How do you take your coffee?

Black. Single origin if I can, and by the gallon…


Photography by Ben Petchel

What is the best part of the job?
My favorite part is always the reaction when the client is able to see the final product. That interaction is what I really love. That’s the most beautiful aspect of the craft. It isn’t just being in a dark basement by yourself and cranking out furniture to make a buck. It’s getting to take someone’s vision and my skills to bring it to life and bring them enjoyment. I love that part.

Outside of your profession, where else do you work hard?
Everything relates back to business for me. When you’re in business for yourself it’s about doing things to better yourself. Reading and researching about business self development. But I pride myself on being a contributing member of society. I make time for my family and friends as much as I can. I’m very fortunate to have a tight knit group of people who love and afford me the opportunity to be a part of their lives. So I love being able to be able to pay them back with my time. I put a lot of effort into trying to be there for others. I do some coaching on the side for athletics. I dabble in a few aspects but I don’t work on anything as hard as I do as pushing myself in business. It’s my livelihood.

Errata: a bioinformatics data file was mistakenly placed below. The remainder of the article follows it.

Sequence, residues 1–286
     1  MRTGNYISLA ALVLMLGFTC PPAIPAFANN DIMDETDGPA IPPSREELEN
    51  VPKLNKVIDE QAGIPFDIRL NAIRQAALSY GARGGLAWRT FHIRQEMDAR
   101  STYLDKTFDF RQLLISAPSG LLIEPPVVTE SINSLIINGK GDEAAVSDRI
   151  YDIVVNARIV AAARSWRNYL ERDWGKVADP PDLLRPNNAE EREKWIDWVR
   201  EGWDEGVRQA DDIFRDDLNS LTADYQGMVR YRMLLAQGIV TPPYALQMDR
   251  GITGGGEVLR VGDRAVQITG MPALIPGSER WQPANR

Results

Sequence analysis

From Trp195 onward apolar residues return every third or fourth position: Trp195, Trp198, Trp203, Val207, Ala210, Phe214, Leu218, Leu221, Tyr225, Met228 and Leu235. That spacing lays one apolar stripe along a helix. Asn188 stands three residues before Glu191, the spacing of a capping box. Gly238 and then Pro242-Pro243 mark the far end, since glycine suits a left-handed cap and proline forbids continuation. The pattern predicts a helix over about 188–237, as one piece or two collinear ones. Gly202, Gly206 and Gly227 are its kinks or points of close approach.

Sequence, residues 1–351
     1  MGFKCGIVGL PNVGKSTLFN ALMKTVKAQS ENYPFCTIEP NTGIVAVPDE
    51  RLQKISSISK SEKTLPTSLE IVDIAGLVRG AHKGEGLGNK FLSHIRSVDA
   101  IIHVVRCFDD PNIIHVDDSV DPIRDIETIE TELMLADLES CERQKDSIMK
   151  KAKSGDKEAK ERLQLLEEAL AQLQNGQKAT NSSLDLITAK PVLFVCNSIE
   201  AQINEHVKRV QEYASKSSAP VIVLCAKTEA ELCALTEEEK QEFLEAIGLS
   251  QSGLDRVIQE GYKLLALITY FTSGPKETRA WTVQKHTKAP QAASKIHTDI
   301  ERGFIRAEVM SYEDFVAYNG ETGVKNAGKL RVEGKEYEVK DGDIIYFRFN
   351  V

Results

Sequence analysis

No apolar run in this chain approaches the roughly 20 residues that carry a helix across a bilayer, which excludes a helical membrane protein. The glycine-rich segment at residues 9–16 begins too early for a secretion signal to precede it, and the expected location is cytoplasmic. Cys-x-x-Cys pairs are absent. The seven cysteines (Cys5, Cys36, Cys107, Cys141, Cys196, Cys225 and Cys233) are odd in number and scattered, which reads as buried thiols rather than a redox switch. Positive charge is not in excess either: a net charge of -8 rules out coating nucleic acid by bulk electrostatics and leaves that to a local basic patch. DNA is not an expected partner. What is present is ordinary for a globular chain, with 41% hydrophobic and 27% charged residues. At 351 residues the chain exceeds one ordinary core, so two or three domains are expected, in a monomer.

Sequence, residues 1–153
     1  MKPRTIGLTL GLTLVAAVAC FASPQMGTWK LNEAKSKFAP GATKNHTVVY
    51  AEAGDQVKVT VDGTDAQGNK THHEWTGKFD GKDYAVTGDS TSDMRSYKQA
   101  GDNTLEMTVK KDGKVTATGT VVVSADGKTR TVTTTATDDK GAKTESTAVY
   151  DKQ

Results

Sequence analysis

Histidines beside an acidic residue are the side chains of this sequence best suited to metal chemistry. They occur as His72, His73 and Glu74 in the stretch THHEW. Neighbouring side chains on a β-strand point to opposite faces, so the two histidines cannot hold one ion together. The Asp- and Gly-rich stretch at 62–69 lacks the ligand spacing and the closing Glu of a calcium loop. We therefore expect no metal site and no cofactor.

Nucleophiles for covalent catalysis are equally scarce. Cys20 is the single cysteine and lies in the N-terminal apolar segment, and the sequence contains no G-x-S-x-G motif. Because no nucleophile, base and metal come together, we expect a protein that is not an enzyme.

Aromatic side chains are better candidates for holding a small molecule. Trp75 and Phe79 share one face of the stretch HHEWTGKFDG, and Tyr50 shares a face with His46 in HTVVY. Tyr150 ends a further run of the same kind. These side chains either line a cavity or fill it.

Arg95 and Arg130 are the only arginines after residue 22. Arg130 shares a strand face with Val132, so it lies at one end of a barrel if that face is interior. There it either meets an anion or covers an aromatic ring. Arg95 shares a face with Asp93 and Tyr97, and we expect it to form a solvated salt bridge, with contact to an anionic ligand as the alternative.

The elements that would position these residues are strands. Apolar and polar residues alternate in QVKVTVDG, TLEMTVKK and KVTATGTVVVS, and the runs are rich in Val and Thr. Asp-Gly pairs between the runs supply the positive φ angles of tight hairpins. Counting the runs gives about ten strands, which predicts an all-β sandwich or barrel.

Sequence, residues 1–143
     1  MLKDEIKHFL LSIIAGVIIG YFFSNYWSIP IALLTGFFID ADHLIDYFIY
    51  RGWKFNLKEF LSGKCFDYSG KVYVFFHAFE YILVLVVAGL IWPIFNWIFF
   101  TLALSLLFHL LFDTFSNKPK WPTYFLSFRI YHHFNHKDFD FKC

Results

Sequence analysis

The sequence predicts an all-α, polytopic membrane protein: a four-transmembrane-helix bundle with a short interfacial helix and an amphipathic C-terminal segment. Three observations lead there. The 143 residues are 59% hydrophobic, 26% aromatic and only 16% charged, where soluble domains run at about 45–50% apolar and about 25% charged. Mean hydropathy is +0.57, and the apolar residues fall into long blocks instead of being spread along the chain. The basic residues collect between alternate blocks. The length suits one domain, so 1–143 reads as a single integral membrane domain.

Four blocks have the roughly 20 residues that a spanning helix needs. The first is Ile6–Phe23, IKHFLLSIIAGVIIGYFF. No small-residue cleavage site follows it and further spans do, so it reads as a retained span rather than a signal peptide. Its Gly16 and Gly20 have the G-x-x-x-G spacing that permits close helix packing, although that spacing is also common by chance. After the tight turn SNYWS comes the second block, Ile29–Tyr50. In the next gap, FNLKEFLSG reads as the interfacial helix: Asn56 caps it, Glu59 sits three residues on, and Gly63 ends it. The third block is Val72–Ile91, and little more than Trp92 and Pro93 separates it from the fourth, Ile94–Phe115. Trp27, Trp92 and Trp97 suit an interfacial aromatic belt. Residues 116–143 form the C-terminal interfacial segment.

If you could give one piece of advice to aspiring makers what would it be?

Take your time. When I got started building I was in a rush to get good quickly and I compromised a lot of the parts of craft that you really learn to enjoy. You try to do things quickly and efficiently to get things done and then you cut corners. So take your time and actually learn the craft. Don’t get things done quickly just to make a buck putting something out there.